As the Conservatives gathered in Birmingham for their annual conference, one could be forgiven for thinking the backdrop could be distracting. Rows over Brexit, Grammar Schools, and the anticipated (and subsequently confirmed) dropping of the deficit reduction, all had the potential to blow the Party off course. Not to mention feverish speculation about parliamentary boundary changes and snap elections.
But from day one, when Theresa May outlined a timetable for triggering Article 50, the focus quickly shifted – for the most part at least – to simply ‘getting on with the job’.
The Government’s key challenges were discussed at length both in the main conference hall and on the fringe, and nowhere was this truer than in response to tackling the nation’s housing crisis. In his keynote address, Secretary of State for Communities and Local Government Sajid Javid spoke of little else.
Quoting Harold Macmillan, he reminded the conference that “Housing is not a question of Conservatism or Socialism, it’s a question of humanity”. Building homes is a moral duty, Javid argued, that falls on Parliament, business, local government and communities to all embrace together.
He used his speech to outline two key announcements – a £3bn Home Building Fund to help small builders deliver an additional 25,000 homes by 2020 and over 200,000 more in the long term, and a £2bn fund to underpin ‘accelerated construction’ on public land. Nothing too radical there, however he indicated more measures would come in a new Housing White Paper later this year.
On the fringe too, housing had a noticeably higher profile than in years gone by. New Housing and Planning Minister Gavin Barwell was very much in demand, speaking at no fewer than 17 events. In discussions with developers, housing associations, councillors and campaign groups, a number of key themes came through. Perhaps unexpectedly for a Conservative audience, there was widespread agreement that the Government’s ambitious target of 1m homes by 2020 cannot be delivered by the private sector alone. Time and again, the argument was made for more building of every type and tenure – private sale, housing association, PRS and yes, Council housing as well. In line with the newly-announced Home Building Fund, there was strong support for SME builders playing a bigger role too.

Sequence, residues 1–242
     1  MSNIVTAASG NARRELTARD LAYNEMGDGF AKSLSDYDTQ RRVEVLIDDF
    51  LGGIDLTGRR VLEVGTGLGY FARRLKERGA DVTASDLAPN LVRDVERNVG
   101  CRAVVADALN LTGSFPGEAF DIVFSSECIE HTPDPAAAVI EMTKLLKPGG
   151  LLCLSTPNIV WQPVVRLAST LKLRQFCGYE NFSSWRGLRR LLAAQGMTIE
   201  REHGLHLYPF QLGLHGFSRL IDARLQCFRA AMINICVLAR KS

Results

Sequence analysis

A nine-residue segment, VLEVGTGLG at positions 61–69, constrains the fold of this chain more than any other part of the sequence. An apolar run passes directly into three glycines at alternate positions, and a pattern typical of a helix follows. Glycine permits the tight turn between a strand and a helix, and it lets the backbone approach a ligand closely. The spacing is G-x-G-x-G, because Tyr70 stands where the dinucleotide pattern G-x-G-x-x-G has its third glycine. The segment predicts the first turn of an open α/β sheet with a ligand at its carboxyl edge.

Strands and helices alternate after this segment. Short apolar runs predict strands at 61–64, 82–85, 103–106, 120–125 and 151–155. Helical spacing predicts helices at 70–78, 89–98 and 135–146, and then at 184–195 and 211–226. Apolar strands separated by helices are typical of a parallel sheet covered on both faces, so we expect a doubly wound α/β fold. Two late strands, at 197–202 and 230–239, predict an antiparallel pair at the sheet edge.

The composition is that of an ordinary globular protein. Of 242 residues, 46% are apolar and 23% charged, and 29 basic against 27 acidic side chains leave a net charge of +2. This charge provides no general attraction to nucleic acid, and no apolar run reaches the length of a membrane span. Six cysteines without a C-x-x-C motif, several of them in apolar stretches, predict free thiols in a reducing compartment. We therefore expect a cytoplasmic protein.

Despite Labour’s well-documented problems, there was little room for complacency in Birmingham. A private session saw Party staff outline the challenges of next year’s Council and Combined Authority elections, and delegates were reminded that with over half a million members the Labour Party is still a formidable campaigning force. Meanwhile the well-attended polling update session from Ipsos MORI gave a timely reminder of the comparative strength of the Labour brand, notwithstanding their current Leader’s lack of public appeal.
Of course the highlight of Conference was, as ever, the Leader’s speech. Taking the stage at her first conference as Prime Minister, Theresa May clearly enjoyed her chance to stamp her authority on the Party and – by extension – the country. Articulating the vision she had begun to outline on the steps of Downing Street 84 days earlier, she set out her new kind of Conservatism, different from that which has come before. Putting fairness and opportunity at the heart of her programme, May staked a claim for “the new centre ground of British politics” and hers is not a vision of slavish adherence to free markets alone, but an approach that seeks to “employ the power of government for the good of the people.”
The Conference theme – “a country that works for everyone” – is a great slogan. Time will tell if the message is backed up by delivery but if steely resolve and determination are key ingredients for success, the new Prime Minister has certainly made an impressive start.